medwireNews: Women with type 1 diabetes who have microalbuminuria at the time of pregnancy have an increased risk for adverse pregnancy outcomes in the short term and for diabetes complications in the long term, shows research presented at the 58th EASD Annual Meeting in Stockholm, Sweden.
The study cohort of 191 women with type 1 diabetes at the time of their first pregnancy included 75 who had microalbuminuria. These women had similar diabetes duration and glycemic control to those with normoalbuminuria at baseline, but 18.6% versus just 6.8% had retinopathy when examined during the first trimester.
During the third trimester, the rates of macroalbuminuria and retinopathy were significantly higher among women with baseline microalbuminuria compared with those who had normoalbuminuria, at 14.6% versus 2.4% and 20.0% versus 8.6%, respectively.
Moreover, women with microalbuminuria had a significantly higher rate of preterm delivery than those without, at 14.6% versus 5.1%, and a trend toward higher rates of preeclampsia (8.0 vs 1.7%) and perinatal death (6.6 vs 0.5%). They also had significantly higher rates of neonatal hypoglycemia, at 10.6% versus 5.1%, and neonatal respiratory distress syndrome, at 14.6% versus 3.4%.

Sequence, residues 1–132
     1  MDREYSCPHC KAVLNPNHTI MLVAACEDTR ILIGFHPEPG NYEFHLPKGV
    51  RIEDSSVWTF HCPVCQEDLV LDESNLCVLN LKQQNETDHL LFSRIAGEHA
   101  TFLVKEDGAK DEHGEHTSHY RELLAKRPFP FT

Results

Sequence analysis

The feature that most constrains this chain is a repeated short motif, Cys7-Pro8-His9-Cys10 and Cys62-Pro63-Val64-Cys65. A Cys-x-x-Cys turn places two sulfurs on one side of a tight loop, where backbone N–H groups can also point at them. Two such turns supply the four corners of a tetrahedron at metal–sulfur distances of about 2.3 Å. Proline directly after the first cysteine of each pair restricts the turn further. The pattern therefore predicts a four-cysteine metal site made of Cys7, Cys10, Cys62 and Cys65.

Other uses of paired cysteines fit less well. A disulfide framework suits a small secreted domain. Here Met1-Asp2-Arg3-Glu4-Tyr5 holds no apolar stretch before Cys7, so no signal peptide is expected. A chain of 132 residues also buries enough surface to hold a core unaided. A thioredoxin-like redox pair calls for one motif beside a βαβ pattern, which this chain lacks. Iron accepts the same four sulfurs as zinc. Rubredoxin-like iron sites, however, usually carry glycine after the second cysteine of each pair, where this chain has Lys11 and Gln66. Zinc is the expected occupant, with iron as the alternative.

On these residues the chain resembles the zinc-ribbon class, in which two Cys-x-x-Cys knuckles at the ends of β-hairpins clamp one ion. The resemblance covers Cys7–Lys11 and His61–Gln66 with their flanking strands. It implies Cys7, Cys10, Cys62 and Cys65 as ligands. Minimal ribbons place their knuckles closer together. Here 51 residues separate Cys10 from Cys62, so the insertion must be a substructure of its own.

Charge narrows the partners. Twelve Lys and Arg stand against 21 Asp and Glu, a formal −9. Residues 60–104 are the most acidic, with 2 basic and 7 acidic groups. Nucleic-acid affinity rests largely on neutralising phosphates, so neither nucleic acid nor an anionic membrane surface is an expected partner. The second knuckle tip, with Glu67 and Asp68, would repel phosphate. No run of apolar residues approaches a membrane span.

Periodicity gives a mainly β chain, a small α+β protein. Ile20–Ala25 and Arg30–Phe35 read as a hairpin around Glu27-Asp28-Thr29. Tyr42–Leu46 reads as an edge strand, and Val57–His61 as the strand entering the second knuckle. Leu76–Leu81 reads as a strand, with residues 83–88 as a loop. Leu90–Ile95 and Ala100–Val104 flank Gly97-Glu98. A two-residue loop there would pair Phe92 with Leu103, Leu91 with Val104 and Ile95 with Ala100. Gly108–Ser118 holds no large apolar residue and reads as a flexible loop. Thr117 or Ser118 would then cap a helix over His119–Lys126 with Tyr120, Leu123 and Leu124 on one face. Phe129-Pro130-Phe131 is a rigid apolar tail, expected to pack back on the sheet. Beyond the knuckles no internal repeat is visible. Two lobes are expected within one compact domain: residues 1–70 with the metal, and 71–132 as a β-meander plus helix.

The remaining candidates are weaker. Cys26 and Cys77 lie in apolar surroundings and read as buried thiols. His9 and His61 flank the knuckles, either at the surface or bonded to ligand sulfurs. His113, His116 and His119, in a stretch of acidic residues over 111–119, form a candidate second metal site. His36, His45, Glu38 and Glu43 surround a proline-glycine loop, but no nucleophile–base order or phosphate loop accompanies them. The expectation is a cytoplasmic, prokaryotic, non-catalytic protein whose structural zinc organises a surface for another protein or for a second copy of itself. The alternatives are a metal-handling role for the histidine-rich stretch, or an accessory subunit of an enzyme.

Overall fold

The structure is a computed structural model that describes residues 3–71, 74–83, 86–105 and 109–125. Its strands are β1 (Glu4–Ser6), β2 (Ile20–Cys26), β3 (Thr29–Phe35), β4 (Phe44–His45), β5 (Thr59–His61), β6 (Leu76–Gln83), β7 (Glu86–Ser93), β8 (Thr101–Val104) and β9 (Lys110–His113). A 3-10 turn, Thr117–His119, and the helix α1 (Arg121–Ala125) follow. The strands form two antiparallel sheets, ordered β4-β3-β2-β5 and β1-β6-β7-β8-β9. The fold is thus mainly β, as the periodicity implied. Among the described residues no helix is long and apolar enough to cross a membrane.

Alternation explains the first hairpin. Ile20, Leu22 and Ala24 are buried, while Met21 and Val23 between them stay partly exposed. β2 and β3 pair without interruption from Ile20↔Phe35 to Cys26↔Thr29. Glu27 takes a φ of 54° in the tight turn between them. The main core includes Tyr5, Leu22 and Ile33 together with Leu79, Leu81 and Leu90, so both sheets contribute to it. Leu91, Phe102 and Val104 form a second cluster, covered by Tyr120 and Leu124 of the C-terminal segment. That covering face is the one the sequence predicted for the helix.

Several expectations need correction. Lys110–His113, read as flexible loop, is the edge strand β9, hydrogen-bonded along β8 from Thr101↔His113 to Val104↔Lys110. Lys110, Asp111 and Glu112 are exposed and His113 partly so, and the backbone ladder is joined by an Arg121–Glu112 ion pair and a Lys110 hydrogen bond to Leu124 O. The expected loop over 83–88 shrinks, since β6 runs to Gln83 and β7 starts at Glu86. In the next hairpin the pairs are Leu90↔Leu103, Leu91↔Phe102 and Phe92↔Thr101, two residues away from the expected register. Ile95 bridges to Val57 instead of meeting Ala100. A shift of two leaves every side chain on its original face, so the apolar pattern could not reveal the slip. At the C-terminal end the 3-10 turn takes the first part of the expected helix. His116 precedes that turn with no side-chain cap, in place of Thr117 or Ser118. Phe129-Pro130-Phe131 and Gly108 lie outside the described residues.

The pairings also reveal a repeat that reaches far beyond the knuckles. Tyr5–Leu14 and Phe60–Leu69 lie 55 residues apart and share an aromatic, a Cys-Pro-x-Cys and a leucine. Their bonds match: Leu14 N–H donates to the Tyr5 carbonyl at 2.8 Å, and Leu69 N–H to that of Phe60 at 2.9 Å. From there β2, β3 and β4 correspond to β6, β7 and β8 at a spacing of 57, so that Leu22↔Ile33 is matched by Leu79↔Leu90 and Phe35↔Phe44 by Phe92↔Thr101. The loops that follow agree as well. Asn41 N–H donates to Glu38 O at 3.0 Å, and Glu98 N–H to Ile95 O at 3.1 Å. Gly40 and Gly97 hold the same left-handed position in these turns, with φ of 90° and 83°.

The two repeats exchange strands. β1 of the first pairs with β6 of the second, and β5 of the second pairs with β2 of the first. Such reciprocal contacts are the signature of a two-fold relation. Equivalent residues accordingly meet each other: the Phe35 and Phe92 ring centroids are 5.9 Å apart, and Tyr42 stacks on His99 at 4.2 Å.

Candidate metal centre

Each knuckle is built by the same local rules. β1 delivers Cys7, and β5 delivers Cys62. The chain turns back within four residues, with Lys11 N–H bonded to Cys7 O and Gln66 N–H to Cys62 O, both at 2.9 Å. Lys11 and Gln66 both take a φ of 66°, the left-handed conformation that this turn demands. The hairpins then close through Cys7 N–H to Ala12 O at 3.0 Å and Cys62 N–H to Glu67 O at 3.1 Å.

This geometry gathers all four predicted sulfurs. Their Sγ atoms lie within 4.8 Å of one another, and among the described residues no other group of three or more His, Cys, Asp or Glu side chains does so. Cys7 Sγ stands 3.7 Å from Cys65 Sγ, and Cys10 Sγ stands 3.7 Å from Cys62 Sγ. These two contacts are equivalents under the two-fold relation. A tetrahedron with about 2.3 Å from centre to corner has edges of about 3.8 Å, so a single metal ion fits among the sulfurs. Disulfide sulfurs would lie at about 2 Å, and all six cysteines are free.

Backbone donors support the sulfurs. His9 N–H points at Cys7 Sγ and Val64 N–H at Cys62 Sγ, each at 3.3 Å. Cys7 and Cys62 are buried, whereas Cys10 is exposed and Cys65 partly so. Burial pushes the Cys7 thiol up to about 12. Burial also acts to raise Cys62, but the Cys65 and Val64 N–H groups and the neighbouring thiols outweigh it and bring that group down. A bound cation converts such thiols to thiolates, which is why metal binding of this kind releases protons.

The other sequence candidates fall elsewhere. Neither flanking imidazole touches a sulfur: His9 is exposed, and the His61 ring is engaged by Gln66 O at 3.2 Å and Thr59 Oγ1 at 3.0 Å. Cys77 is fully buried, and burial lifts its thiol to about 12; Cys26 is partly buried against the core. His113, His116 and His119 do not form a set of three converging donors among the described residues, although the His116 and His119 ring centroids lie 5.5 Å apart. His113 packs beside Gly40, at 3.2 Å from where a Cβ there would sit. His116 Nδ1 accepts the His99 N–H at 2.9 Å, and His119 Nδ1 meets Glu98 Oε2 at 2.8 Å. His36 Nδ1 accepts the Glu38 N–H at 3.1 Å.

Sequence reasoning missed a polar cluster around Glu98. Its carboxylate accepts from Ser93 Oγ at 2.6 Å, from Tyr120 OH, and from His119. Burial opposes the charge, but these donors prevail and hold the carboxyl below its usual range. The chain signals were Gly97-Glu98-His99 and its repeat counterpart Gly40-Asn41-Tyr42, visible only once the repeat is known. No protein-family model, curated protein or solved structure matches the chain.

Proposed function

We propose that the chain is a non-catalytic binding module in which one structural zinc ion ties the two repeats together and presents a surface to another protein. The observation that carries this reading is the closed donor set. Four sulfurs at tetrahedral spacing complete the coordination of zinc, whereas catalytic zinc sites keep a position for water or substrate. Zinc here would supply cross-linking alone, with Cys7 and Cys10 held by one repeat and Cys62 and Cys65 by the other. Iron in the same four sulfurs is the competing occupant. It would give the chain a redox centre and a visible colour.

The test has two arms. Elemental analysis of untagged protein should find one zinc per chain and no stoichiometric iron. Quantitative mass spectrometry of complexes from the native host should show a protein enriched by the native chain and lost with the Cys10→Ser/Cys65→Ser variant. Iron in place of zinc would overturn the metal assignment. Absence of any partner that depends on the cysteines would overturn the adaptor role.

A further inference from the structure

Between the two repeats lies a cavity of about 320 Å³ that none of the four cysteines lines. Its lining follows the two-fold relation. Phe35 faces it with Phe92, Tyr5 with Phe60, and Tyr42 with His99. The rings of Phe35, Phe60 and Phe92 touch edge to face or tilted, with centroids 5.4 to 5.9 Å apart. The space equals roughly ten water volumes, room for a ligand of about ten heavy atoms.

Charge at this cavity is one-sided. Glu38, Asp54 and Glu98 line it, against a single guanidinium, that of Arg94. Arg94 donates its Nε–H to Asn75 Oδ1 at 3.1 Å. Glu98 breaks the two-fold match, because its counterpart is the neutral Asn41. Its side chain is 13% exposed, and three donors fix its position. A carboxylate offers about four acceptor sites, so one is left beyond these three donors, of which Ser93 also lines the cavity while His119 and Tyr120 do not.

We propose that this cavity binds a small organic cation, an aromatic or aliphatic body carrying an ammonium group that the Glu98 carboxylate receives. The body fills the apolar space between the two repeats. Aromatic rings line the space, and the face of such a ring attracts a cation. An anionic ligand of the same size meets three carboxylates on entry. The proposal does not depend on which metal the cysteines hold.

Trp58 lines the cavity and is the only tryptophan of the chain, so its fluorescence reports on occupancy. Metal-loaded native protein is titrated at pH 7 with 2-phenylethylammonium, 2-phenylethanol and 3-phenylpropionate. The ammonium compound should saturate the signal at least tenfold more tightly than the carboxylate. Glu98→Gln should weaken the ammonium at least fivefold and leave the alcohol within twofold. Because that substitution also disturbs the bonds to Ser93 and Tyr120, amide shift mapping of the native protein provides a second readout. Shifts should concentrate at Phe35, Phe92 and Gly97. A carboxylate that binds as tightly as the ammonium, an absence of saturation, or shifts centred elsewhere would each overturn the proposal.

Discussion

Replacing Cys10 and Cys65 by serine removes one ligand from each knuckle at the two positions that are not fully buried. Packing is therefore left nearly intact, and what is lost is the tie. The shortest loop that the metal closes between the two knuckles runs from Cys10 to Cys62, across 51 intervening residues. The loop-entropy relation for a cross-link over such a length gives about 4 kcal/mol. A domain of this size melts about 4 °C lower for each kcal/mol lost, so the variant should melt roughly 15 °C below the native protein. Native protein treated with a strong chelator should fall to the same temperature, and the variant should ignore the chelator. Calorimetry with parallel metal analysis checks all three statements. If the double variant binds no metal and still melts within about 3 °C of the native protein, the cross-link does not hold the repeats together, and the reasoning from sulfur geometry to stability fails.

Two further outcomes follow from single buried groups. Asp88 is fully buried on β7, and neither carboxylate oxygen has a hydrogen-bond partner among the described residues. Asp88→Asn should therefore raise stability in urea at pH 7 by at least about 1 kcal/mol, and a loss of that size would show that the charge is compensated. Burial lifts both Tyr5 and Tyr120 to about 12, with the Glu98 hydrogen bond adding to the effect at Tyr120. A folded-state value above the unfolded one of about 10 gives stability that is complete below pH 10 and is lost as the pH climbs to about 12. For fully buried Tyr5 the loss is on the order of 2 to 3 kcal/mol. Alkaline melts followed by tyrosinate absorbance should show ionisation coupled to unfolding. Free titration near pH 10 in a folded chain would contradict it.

Presenter Natalia Asatiani (National Center for Diabetes Research, Tbilisi, Georgia) explained that the researchers re-examined the women 6 and 13 years after delivery, looking specifically at retinopathy and kidney disease. After 13 years, the average glycated hemoglobin level increased in both groups, from approximately 6% (42 mmol/mol) at baseline, to reach an average of 7.70% (61 mmol/mol) in the normoalbuminuria group and 8.05% (64 mmol/mol) in the microalbuminuria group.
The pattern of significantly poorer outcomes in women with microalbuminuria at the time of pregnancy continued. At 13 years, the rate of retinopathy was 50.6% in these women, compared with 14.6% in those with normoalbuminuria, and the corresponding rates of macroalbuminuria were 32.0% versus 10.3%.
Among women who developed macroalbuminuria, the rates of stage 3, 4, and 5 chronic kidney disease were 30.6%, 38.8%, and 18.4%, respectively, while 5.5% required a kidney transplant and 5.5% died.
Asatiani stressed, however, that the occurrences of kidney transplant and death were around 10 years ago, noting that in more recent years they have had good results treating similar patients with newer medications such as dapagliflozin.
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